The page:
A roadmap exists, and it starts next week at home against a bad Titans team before Turkey Day in Dallas.

Stay tuned for an announcement about something on our blog this week, but in the meantime, let’s hit the haiku and try to shake this one off some:

Fletcher picked on bad

Rodgers, Nelson, Cobb, oh my

Still seven and three

Eagles-Panthers History Lesson: Jeff Garcia Rescues the 2006 Season from the Brink of Collapse on Monday Night Football

As another Eagles-Panthers primetime showdown approaches tonight, I automatically flash back to a 2006 contest featuring these two squads.

Tonight, backup turned starter Mark Sanchez will be tasked with taking over for Nicky Foles and leading the Eagles to a Monday Night home victory over Carolina, but seven years and 11 months ago, Jeff Garcia had the exact same assignment.

I promised this was coming a few months ago, and I haven’t been this excited to wrote a post since this piece back in July. That game is one of my favorite Eagles memories because of how improbable it seemed beforehand.

In today’s advanced statistics driven NFL, we get so numbers obsessed that we forget about some of the really great stories unfolding before our eyes. I know I am personally guilty of this, and I also know that some of the greatest of these stories are seconds away from never making it past the opening paragraph.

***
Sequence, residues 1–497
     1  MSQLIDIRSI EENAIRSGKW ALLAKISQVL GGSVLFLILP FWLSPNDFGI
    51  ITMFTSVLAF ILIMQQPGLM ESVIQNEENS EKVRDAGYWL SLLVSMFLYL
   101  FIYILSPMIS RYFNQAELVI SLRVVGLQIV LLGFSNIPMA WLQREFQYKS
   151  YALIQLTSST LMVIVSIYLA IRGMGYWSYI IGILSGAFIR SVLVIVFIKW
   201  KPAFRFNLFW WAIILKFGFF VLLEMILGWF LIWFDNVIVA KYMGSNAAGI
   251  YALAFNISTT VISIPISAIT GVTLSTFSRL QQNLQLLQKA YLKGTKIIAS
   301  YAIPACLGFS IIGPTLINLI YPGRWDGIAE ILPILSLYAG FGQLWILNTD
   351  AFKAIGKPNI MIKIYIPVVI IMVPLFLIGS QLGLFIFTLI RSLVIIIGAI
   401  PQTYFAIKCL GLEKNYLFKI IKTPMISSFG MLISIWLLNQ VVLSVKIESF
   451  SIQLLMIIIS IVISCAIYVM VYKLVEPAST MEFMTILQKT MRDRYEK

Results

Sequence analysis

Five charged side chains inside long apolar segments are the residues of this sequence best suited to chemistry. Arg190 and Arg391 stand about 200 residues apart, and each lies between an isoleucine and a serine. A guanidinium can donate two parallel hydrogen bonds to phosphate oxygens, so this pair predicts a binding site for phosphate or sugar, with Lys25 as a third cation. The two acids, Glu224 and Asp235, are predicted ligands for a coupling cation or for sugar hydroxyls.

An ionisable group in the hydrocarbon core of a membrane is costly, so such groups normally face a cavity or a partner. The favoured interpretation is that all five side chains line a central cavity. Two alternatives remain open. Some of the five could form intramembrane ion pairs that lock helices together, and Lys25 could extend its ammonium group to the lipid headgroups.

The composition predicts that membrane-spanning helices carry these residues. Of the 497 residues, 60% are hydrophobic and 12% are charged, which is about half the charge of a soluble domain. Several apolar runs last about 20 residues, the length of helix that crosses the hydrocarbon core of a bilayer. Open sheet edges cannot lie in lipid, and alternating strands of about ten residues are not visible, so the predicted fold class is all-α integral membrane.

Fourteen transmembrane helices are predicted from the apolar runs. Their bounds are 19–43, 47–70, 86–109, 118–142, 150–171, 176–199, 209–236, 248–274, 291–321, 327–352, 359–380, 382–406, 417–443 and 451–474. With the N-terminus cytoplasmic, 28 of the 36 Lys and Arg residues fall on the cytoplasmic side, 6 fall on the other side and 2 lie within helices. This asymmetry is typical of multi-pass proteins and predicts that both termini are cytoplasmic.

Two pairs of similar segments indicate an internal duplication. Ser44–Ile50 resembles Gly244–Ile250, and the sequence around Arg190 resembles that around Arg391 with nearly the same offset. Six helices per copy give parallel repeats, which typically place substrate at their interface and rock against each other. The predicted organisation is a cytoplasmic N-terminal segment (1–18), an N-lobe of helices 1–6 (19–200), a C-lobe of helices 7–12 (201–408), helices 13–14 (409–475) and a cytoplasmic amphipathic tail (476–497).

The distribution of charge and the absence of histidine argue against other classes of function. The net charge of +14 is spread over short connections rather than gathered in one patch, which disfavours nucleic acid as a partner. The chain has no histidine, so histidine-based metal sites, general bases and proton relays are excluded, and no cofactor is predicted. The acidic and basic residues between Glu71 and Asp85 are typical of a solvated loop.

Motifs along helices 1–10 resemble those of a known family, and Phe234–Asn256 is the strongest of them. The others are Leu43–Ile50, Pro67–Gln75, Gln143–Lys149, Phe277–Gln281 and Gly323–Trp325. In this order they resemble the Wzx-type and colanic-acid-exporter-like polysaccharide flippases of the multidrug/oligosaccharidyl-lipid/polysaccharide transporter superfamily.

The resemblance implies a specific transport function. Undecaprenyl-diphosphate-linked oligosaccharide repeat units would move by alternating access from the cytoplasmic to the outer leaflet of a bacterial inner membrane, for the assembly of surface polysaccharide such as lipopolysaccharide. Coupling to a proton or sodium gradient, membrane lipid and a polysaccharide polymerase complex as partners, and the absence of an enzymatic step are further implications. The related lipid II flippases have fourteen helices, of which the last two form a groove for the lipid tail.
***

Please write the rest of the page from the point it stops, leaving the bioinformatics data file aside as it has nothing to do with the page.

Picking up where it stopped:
Jeff Garcia and a 2006 Monday Night Football game against the Panthers is one of these stories.

The date was December 4, 2006, and two teams woke up that Monday morning in Philadelphia desperately needing a win. The Panthers were fresh off an 11-5 season and NFC Championship game appearance but entered the matchup at only 6-5 after losing to a bad Redskins team the Sunday prior.

If the Panthers were heading into the game a bit banged up, the Eagles were certainly worse. That 2006 Eagles team ended up being one of my favorite over the past two decades, but they also might have made for the wildest roller coaster. On October 8, they were 4-1 and some considered an epic victory over Terrell Owens and the Cowboys the biggest regular season win of Andy Reid’s coaching tenure to date. Then, the drop started.

The Eagles lost three straight. The ride briefly stopped with a home victory over the Redskins but took another downward spiral as Donovan McNabb suffered a torn ACL in a home loss to the Titans. Next came a blowout loss to the Colts, and for the first time all season, the Eagles were under .500 at 5-6.